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 by Anika
 Age 17

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Photo of Anika
     Anika, Age 17
  Bulimia is an act of disgust and an act of need. The disgust and the need are about the body and the emotions.

-Wasted, Marya Hornbacher (p. 93)


spacer If one were to consult a dictionary, they would find that bulimia nervosa is an "eating disorder in which a person repeatedly overeats, then uses self-induced vomiting, diuretics, laxatives, fasting, or excessive exercising to prevent weight gain." If one were to address inquiries to the parents, relatives, or friends of a victim of bulimia, responses would include adjectives such as gross, secretive, confusing, painful. If an actual bulimic were questioned, they would reply, quite simply, that bulimia is hell. It is an out-of-control, emotionally shattering, body screwing, mental hell that wreaks havoc on one's sense of reality, self-esteem, and ultimately, one's life. This web site attempts to educate those not familiar with the seriousness of bulimia about the physical, and especially emotional torture involved. It also aspires to advise those who have a friend or sibling suffering from bulimia on how to help. Most importantly, the purpose of this web site is to provide comfort, hope, and inspiration to those stuck in bulimia's clutches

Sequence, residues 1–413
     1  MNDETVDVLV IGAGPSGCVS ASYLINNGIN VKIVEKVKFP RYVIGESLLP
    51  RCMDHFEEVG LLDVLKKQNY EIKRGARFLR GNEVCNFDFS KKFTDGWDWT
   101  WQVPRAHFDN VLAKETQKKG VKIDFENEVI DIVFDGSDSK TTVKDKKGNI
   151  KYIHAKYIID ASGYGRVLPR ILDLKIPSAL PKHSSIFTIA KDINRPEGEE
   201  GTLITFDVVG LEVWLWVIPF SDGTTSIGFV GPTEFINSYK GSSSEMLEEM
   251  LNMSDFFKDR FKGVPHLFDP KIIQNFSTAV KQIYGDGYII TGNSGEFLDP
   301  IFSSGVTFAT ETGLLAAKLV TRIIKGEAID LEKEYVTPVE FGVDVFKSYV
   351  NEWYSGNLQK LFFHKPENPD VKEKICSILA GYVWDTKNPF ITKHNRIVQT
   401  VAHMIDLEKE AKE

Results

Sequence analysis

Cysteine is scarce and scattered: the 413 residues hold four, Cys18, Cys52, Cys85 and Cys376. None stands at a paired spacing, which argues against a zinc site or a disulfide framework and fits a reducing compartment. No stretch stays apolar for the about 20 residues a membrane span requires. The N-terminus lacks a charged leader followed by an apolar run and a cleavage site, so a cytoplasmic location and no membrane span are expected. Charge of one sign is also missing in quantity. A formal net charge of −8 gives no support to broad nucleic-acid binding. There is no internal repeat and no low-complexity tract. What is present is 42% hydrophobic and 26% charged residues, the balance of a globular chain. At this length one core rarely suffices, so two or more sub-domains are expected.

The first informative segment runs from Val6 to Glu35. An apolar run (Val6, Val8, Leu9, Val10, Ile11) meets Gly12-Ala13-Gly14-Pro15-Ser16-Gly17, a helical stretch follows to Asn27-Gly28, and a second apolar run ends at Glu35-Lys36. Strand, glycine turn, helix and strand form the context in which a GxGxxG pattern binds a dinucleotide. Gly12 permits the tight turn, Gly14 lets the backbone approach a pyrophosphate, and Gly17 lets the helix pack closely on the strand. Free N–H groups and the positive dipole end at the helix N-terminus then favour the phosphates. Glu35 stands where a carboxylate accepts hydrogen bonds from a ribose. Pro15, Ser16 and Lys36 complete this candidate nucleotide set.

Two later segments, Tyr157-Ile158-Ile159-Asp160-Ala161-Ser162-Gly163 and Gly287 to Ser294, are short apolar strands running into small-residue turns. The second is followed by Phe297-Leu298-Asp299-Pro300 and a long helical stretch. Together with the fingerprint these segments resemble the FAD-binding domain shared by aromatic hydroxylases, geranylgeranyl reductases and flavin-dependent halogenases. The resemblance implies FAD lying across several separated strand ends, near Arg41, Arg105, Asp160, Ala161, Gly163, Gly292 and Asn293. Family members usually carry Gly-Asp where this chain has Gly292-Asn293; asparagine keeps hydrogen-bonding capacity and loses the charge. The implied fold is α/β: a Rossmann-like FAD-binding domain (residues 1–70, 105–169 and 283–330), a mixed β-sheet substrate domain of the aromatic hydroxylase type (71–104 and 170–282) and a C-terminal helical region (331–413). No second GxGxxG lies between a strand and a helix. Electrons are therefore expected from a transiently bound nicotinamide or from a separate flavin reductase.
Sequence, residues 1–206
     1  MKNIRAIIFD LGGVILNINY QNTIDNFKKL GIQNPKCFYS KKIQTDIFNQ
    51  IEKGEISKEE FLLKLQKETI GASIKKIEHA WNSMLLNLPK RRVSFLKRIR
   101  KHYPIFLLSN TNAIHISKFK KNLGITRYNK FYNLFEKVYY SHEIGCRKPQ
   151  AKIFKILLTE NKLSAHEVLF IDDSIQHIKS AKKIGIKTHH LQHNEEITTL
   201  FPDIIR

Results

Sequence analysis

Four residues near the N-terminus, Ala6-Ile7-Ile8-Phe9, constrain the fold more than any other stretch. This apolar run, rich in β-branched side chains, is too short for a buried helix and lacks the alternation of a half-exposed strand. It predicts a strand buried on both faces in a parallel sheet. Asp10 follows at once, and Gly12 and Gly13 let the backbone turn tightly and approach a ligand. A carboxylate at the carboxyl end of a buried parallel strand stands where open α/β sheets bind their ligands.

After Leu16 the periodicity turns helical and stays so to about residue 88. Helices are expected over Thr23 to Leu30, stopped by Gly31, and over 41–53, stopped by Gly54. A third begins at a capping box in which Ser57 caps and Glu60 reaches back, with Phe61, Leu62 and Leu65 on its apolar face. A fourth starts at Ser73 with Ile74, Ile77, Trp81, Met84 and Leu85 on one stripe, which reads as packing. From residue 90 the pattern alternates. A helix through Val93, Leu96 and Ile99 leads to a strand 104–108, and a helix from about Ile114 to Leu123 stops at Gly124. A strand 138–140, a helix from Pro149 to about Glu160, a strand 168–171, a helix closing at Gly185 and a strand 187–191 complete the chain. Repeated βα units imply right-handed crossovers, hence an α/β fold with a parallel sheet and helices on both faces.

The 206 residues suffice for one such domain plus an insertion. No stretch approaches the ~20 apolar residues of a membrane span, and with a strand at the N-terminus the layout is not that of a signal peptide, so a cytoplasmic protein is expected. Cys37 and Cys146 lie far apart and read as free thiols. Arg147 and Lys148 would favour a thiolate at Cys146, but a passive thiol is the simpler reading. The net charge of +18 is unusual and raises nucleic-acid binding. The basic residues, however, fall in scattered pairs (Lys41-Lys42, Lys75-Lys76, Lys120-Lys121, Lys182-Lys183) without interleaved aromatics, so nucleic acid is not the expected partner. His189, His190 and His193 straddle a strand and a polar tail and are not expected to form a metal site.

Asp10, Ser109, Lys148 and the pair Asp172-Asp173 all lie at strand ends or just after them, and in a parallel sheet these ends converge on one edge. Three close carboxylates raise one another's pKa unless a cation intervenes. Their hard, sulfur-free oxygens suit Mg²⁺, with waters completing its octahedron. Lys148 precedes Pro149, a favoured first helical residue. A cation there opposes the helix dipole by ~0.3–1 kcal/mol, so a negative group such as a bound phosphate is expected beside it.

I threw up again that night, half-afraid that my eyeballs were going to explode. But it was, by far, more important that I get rid of dinner. Of course by then, throwing up was the only way I knew how to deal with fear. . . And [the bulimia] is so very seductive. It is so reassuring, so all-consuming, so entertaining.
At first.
, Marya Hornbacher (p. 64)

Bulimics binge eat (gorge themselves beyond fullness). And eat. And eat. After these binge periods, during which they feel a complete lack of control and an overwhelming sense of self-loathing, they use any measure possible, usually self-induced vomiting, laxatives, or exercise obsessively to prevent weight gain. In some instances, bulimics may purge any time food that enters their bodies, not only after their binges. For more information on bulimia, check out